In Tribe: On Homecoming and Belonging, Sebastian Junger proposes that lacking a sense of community is the source of the alienation so many individuals feel today. He argues that while all our technological miracles have delivered many benefits, they have only deepened the individualistic trends in modern society and isolated us from the wider community.

“First agriculture and then industry changed two fundamental things about the human experience. The accumulation of personal property allowed people to make more and more individualistic choices about their lives, and those choices unavoidably diminished group efforts toward a common good. And as society modernized, people found themselves able to live independently from any communal group.”

Junger supports his claim from a range of sources. He points to the way individuals come together in disasters—earthquakes, civilians in wartime, troops on the battlefield.

“What catastrophes seem to do—sometimes in the span of a few minutes—is turn back the clock on ten thousand years of social evolution. Self-interest gets subsumed into group interest because there is no survival outside group survival, and that creates a social bond that many people sorely miss."

Junger also discusses at some length the experience of soldiers returning from recent wars in Iraq and Afghanistan. There is nothing close to civilian life that can match the deep social bonds formed on the battlefield. He suggests that Post Traumatic Stress Disorders (PTSD) may reflect the estrangement soldiers feel when they return home, rather than a serious psychological breakdown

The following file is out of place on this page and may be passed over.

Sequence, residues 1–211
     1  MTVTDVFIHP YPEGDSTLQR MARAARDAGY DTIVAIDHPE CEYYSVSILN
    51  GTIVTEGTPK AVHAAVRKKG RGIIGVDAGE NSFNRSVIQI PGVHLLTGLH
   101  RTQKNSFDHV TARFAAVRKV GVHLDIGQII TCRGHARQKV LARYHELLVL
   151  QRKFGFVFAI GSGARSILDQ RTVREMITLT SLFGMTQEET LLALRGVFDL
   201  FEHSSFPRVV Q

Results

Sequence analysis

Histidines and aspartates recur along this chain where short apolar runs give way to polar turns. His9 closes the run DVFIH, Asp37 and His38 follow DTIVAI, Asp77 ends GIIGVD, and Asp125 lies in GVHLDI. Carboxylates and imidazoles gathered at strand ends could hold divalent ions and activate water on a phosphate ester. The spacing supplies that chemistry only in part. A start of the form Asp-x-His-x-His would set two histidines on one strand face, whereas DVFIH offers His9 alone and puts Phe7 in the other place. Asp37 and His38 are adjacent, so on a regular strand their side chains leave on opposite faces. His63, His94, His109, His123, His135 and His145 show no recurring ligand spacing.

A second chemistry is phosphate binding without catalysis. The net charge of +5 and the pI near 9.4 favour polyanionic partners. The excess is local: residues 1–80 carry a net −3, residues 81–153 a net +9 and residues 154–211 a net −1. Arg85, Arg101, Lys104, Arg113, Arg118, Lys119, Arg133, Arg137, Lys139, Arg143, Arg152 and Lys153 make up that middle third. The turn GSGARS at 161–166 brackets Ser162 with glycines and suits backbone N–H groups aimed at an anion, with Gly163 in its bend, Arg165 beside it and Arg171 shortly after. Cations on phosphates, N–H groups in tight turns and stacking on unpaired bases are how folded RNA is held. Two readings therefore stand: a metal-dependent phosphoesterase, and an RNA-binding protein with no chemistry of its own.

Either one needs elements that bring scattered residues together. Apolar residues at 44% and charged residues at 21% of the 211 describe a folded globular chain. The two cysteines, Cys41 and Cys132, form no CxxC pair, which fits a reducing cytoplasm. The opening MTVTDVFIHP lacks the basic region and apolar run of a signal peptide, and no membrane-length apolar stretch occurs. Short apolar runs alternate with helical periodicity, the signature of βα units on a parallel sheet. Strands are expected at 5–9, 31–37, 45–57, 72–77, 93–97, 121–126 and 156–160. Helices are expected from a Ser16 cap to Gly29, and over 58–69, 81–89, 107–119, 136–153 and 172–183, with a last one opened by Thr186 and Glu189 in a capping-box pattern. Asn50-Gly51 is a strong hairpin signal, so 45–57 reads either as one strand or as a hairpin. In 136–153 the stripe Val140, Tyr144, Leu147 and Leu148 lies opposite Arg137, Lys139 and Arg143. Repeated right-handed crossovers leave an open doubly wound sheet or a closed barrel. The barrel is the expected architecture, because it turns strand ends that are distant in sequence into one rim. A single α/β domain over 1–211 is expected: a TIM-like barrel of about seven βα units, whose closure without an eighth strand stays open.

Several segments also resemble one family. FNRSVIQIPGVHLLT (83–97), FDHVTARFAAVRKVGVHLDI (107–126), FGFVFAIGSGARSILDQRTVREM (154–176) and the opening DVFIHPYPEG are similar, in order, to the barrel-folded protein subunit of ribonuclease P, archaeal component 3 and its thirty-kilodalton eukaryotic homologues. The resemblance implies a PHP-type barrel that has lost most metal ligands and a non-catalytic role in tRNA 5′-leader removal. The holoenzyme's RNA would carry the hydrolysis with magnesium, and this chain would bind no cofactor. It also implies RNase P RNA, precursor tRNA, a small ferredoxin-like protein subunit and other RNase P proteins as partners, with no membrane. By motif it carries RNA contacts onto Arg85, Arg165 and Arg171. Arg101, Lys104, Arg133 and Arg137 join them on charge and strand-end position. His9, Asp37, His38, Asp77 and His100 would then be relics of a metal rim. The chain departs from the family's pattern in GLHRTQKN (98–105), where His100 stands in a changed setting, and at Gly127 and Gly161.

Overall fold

“A modern soldier returning from combat—or a survivor of Sarajevo—goes from the kind of close-knit group that humans evolved for back into a society where most people work outside the home, children are educated by strangers, families are isolated from wider communities and personal gain almost completely eclipses collective good.”

It’s important to note that Junger’s claims are speculative, based on historical examples and anecdotal evidence, with few statistical measures. At the same time Tribe is an important call for a stronger collective society, one based less on individualism and more on group solidarity.


By A Running Brook

On this Mother’s Day, I would like to quote from as essay I wrote about my mother several years ago. It has been edited and shortened quite a bit:

My mother was a reader. I can see her clearly: I am returning home from school, walking in the living room, and there she is lying on the couch munching an apple with a book in hand. I sit down and we talk about my day at school. That was our practice every day when I returned home from school. It never occurred to me to ask her how her day had been or to inquire about what she was reading. I wish I had known enough then to have asked her.

I wonder now if it could have been the same serious literature it was by the time I left for college? Now that I have succumbed to the power of literature, I have thought more and more about her reading, when she started, what it meant to her, who she spoke with about it.

Eventually she developed a keen interest in D.H. Lawrence. He became her obsession. She read everything that he wrote, everything that had been written about him. She loved talking with me about his life and work and why I should read him more often. And then she started collecting his works, all his works, the first editions of everything.